Cervical laminectomy surgery is a procedure that is performed to alleviate persistent, often debilitating pain caused by pressure on the nerves (neural impingement), a herniated disc or to remove a tumor from the cervical (neck area) spine. During the surgery, the spine surgeon removes a small portion of the bone (lamina) over the nerve root, as well as disc material from a herniated or ruptured disc that may be under the nerve root. This gives the nerve root more space and an opportunity to heal.
Problems in your cervical spine that press on the nerves can cause debilitating pain, weakness and numbness in both arms and legs and even make it difficult for you to walk. The pain can interfere with normal functioning and activities.
Cervical laminectomy surgery has a favorable success rate. The majority of patients have significant improvement in their ability to perform normal daily activities and a noticeably reduced level of pain and discomfort. Cervical laminectomy surgery is considered only if nonsurgical treatments have proven to be ineffective.
Structure of the Cervical Spine
The spinal column, also called the vertebral column or backbone, is made up of 33 vertebrae that are separated by spongy disks. Seven of the vertebrae are in the cervical area of the spine starting in the upper torso and ending at the base of the skull. The vertebrae and bones are joined with other parts of the spinal structure that include:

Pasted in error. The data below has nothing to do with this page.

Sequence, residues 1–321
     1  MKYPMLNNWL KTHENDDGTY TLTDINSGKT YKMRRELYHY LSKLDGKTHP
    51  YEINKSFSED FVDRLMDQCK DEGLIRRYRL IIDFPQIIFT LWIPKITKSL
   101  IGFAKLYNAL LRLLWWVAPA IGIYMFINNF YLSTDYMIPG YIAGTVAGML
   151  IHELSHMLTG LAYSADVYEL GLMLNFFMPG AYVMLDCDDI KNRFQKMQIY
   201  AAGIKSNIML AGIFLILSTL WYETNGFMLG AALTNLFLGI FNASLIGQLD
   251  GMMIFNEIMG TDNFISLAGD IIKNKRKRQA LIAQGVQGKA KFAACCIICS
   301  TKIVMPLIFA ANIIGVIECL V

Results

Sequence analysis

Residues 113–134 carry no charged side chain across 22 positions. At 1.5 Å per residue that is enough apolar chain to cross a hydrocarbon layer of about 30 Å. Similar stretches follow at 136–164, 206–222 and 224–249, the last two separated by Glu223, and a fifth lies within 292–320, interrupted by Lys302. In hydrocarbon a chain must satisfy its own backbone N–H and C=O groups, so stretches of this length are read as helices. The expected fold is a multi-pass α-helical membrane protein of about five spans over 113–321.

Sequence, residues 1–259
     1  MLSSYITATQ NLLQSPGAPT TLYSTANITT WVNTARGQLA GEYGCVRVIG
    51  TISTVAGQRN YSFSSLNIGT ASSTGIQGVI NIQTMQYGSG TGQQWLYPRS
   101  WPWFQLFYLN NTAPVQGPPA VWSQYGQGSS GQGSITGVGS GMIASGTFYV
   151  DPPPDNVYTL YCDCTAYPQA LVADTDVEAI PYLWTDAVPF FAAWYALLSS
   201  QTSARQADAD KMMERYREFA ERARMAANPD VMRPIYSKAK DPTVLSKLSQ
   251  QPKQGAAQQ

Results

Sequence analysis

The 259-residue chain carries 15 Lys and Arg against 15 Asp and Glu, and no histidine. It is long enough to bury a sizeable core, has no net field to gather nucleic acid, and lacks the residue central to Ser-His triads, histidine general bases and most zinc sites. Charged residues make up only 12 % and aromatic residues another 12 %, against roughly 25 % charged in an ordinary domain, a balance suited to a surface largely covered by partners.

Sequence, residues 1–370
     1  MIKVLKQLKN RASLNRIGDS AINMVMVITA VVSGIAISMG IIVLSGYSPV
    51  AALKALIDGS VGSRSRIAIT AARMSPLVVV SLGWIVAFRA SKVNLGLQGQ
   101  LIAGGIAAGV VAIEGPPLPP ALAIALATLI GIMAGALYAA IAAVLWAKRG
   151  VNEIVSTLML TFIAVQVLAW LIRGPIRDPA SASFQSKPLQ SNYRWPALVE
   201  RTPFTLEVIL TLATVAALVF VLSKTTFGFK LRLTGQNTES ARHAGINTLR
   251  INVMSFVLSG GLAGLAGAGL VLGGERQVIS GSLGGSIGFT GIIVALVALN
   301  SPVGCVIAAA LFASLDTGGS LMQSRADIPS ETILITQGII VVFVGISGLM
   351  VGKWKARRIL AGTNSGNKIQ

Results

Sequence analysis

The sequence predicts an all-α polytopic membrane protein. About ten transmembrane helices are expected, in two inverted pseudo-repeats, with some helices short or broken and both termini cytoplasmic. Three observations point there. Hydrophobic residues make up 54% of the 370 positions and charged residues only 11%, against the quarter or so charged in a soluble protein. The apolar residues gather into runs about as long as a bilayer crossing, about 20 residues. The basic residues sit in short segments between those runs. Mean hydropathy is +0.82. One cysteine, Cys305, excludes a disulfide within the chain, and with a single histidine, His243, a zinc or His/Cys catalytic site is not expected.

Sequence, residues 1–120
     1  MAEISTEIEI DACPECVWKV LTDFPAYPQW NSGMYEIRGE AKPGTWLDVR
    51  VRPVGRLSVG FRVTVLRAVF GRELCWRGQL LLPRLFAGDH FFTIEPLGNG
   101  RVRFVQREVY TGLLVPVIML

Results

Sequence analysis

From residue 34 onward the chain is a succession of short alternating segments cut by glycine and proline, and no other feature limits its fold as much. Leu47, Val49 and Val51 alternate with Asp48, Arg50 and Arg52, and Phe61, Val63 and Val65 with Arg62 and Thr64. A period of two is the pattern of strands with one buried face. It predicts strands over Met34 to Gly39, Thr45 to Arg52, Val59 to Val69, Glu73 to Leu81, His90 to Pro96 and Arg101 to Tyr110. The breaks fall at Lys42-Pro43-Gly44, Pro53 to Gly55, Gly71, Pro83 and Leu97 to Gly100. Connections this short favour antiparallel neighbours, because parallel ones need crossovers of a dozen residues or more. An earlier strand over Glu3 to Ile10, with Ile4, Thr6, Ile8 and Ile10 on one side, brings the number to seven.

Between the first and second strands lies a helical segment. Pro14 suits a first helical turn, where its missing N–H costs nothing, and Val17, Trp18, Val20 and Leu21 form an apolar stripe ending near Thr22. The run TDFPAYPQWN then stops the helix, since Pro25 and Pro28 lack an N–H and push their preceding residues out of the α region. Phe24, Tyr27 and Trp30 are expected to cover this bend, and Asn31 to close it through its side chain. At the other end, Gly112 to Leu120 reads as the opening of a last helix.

Lamina – The bony arch on the posterior (back) part of the vertebrae that is over the spinal column. This is the part of the spine that is removed during a laminectomy.
Discs – Soft, shock-absorbing cushions between the bones of the vertebrae that allow the back to bend while preventing the vertebrae from rubbing against each other
Spinal cord – The bundle of nerves that connects the brain to the rest of the body. The spinal cord passes through the center of the vertebrae.
Spinal nerves – Nerves that connect the spinal cord to the rest of the body. These nerves may become compressed or “pinched” by a vertebra or disc.
Muscles and ligaments – These connective tissues support and protect the spinal column, providing both strength and movement
Conditions Treated with Cervical Laminectomy Surgery
The multidisciplinary team of orthopaedic experts at North Shore-LIJ Orthopaedic Institute's Spine Services in New York performs cervical laminectomy surgery as well as a broad range of nonsurgical and surgical treatments for conditions that affect the spine.
The Rehabilitation Network of the North Shore-LIJ Health System is dedicated to providing you and your family with result-oriented, comprehensive rehabilitation services. Our goal is to help you and your loved ones find relief from pain and get moving again after an accident, illness, injury or surgery. We’re your partner in a safe, healthy, more rapid recovery.